By Nicholas Courant (www.twitter.com/nicholascourant)
“It’s better to have a good neighbour than a distant friend” We’re all familiar with the saying, but in an age where tweeps across the globe are just 140 characters away, it’s so easy to neglect the nearby. And yet, your next-door neighbours or the local communities around your company sites do have a greater influence on your company and your reputation than you would sometimes realize.
Just last week, I read the story of two owners of a trendy club in Belgium shutting down their flourishing business because they couldn’t cope with the complaints of their neighbour any longer. They, and their landlord, had been ignoring his protests against the late-night noise caused by the club and its trendy, boozed up visitors. After all, the club had been around for years and the angry tenant should have known before he decided to rent the place. A reflection that many of us probably would have made, but one that boomeranged back into their faces. All of a sudden, Saturday night’s regular visitors included not only trendy youngsters, but also coppers with decibel meters. Needless to say, the shiny blue uniforms didn’t exactly boost business for the club.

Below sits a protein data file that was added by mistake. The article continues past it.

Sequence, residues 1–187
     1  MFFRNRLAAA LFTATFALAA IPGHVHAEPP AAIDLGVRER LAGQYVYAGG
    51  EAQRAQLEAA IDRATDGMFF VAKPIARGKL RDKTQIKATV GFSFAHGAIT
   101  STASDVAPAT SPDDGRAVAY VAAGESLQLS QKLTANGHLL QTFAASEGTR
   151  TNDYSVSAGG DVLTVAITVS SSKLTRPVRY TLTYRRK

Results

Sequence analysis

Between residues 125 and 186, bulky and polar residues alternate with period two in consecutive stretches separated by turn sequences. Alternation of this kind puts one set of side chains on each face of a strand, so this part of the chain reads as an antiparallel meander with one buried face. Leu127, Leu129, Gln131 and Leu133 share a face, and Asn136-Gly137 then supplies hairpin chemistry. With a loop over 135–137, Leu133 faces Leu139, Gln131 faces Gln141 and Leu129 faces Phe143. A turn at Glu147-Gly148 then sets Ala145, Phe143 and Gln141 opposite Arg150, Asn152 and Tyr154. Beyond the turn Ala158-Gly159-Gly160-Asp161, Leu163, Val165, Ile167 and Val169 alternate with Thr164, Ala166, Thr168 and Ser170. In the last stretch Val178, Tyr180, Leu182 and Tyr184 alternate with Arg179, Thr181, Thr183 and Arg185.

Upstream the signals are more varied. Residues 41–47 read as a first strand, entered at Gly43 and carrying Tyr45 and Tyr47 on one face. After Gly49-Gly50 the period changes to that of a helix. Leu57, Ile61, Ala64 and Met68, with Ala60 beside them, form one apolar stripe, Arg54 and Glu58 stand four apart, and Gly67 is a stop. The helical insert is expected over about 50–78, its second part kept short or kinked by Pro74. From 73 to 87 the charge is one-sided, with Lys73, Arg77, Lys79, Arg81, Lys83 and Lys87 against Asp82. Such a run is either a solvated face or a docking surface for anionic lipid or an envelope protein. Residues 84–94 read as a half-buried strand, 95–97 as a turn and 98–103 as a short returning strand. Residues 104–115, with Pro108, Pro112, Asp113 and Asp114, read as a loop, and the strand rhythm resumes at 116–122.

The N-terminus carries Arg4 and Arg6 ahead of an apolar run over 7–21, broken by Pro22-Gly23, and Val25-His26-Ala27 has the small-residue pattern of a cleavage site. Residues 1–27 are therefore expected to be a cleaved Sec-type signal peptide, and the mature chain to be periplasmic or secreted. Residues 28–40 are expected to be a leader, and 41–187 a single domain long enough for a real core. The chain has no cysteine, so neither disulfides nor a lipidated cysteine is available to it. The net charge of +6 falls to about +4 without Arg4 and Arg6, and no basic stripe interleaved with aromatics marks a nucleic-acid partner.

These days, companies are increasingly recognizing the value of a community manager for their online reputation. Well, why not have your community manager take a broader perspective on “community” and adopt a holistic approach towards distant and local communities alike? After all, what’s the sense of building a powerful group of online evangelizers if locally, your reputation is being slanted by angry neighbours badmouthing your company in the press? And what if they start influencing the same politicians that you rely on to grant you your next exploitation permit?
The principles of accessibility and transparence should therefore be applied to all influential stakeholders. Yes, also the angry neighbour that deep inside you would rather ignore. So reach out to the local community before they turn against your company, monitor their sentiments by offering quick and easy opportunities for feedback, identify the local top influencers and before all, try to look for solutions together. Not just because it’s your duty as a good and responsible neighbour, but because in the end it’s better for business. Hence my plea to get community manager from behind his or her computer screens (yes, they’re usually surrounded by a number of screens) and have them take a walk around the block from time to time. A bit of fresh air won’t hurt your community manager, but it will help you to find a good neighbour.